Thursday, 10 January 2013

What is right or wrong and what is "common sense" (Update)

Update: Having misunderstood the meaning of "cognitivism" and "non-cognitivism" as they only apply to semantics, there is one part of the post I'll need to rewrite. I apologise for the mistake if it misled anyone who have read it. The update is in bold.

How do people know or judge what is right or wrong and what is “common sense”? There are some things which, attributing right or wrong are relatively easy, for example, a person explaining something with appropriate and proven scientific theory. But in the real world, things are sometimes far more complicated than that specific example, people tend to overuse the word "common sense" and apply what they think is right or wrong in complicated situations too often.

To get an idea of complicated situations, consider this.

Imagine an overseas student from Asian background did something troublesome and was caught by a teacher grown up in Australia. The teacher might want the student to look them in the eye when the teacher explains to the student what the student did wrong, in some cases, the teacher might even want acknowledgement from the student. However due to difference in the culture where the student is grown up, the student might choose to not look at the teacher in the eye and falls to silence as an act to acknowledge his/her mistake.

If we understand the cultural values of both parties in this situation, we can understand it as that the teacher wants the student to listen to him/her when talking, and acknowledge the mistake the student has made. While the student paid respect to the teacher and knows he/she made a mistake. However due to the difference in the expectation and if both parties did not know what certain action meant for people from a different cultural background, some miscommunication might occur. Such as that the teacher might think the student is not listening to him/her because the student is not looking at the teacher in the eye when he/she is talking etc.

In the above example, if in the event that a miscommunication occurred, it is difficult, if one is to judge which party is right or which party is wrong. People observe and learn from their experience, these experiences and the cultural values in the environment they live in construct the people’s thinking and expectation, and this may be called “common sense”. The problem is that, if one relies on “common sense” too much, the chances of miscommunication and misunderstanding when interacting with people from different cultures increases.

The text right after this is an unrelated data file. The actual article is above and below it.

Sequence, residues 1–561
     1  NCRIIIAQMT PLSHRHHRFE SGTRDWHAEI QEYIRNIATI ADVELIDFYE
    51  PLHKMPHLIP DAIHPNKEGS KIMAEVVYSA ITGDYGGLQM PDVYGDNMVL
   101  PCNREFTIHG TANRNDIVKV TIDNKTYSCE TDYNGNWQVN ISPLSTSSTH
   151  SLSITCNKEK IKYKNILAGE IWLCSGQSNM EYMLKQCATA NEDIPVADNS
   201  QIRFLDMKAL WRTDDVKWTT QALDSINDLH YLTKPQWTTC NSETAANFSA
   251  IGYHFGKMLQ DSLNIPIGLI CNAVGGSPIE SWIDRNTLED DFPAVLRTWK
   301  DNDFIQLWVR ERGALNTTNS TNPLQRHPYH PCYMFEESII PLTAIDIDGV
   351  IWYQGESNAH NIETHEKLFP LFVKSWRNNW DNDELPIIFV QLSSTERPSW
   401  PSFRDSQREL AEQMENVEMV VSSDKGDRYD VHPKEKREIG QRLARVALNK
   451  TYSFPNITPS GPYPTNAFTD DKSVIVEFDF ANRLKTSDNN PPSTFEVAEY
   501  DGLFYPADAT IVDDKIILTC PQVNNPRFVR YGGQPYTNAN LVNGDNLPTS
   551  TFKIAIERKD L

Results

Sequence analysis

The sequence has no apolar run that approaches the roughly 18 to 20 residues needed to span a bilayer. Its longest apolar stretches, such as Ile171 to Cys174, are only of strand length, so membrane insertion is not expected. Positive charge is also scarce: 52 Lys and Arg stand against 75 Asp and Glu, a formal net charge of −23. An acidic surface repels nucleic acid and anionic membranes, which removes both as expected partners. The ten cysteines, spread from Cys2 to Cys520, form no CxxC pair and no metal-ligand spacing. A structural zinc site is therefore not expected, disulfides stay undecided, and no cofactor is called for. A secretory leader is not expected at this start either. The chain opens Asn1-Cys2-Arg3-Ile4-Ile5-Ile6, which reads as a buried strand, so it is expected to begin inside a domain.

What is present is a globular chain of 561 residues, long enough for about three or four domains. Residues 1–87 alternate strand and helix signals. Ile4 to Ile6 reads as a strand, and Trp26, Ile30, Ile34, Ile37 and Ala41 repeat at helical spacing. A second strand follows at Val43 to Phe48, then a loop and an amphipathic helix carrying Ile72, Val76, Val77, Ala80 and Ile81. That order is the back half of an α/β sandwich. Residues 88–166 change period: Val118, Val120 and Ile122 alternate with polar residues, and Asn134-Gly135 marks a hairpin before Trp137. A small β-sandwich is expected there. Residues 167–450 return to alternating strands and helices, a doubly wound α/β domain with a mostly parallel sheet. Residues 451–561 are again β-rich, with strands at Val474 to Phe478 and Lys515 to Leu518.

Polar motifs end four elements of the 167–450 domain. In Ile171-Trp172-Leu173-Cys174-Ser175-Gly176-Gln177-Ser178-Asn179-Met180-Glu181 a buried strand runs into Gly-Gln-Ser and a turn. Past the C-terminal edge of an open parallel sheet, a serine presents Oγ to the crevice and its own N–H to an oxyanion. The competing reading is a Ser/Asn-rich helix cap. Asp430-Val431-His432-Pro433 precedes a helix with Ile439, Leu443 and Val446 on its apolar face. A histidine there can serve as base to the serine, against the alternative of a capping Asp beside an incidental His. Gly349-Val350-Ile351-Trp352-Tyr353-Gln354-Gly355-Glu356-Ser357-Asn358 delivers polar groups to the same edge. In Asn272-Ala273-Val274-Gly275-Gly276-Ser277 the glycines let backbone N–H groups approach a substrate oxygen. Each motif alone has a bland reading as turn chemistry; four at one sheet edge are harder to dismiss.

Meta-ethics studies divides into the judgement of right or wrong into cognitivism and non-cognitivism. If we are to judge the right or wrong in the above example, non-cognitivism applies. This means that there is no true or false whether if we think any particular party in the above example is right or wrong. We may be simply expressing our feeling and emotion towards the situation from our past live experience that constructs our thinking. Cognitivism suggests the judgement of right or wrong to be about a matter of fact, e.g. science. Unfortunately, people make judgements about right or wrong on non-cognitivism basis rather than cognitivism basis too often.

Meta-ethics studies, as according to Richard Garner and Bernard Rosen, suggests that one of the three meta-ethics problem is "How may moral judgments be supported or defended?"; in other words, how do we know our judgements on moral issues are right or wrong? This suggests that there is no definitive true or false when people make judgements about right or wrong on moral issues (such as the above situation). This view suggests that, if we are to judge which party in the above situation to be right or wrong, we may be simply expressing our feelings and emotions towards the situation. This judgement, will be based on our views on past life experiences that will construct our thinking, and that the judgement itself also cannot be verified or falsified. It is problematic if we include morality in our "common sense" and make judgements on complicated moral issues when it is not verifiable knowledge (e.g. science which can be verified or falsified by evidence) because then, it is easy to create conflict and miscommunication with people from different culture even when none of the parties can be right or wrong.

That being said, can we ever expect a certain degree of “common sense” that applies to people from different culture? The answer is, yes, we can. Even if one is to take the extremes, say country A consist of tribal population with very limited knowledge in science, technology and medicine and country B with advanced knowledge in science, technology and medicine. Despite a lot of major differences in the live experience, a lot of similarity also applies, such as killing people with malicious intent are unlawful, care for the young, sick and disabled and respect for the elderly etc. Hence, there can be some common expectation and values which may apply to any person regardless of their difference. The interesting question to think about is why, despite such differences in lifestyle, experience and cultural values that some degree of similarity applies?

With the world becoming more and more interconnected and multiculturalism bringing people from all over the world together. Although it is difficult, and sometimes people simply forget, but we can reduce our miscommunication and conflicts; get to know people from other cultures; and we may learn valuable things from them if we can try to lower our expectations, think and try to understand our differences and respect each other.

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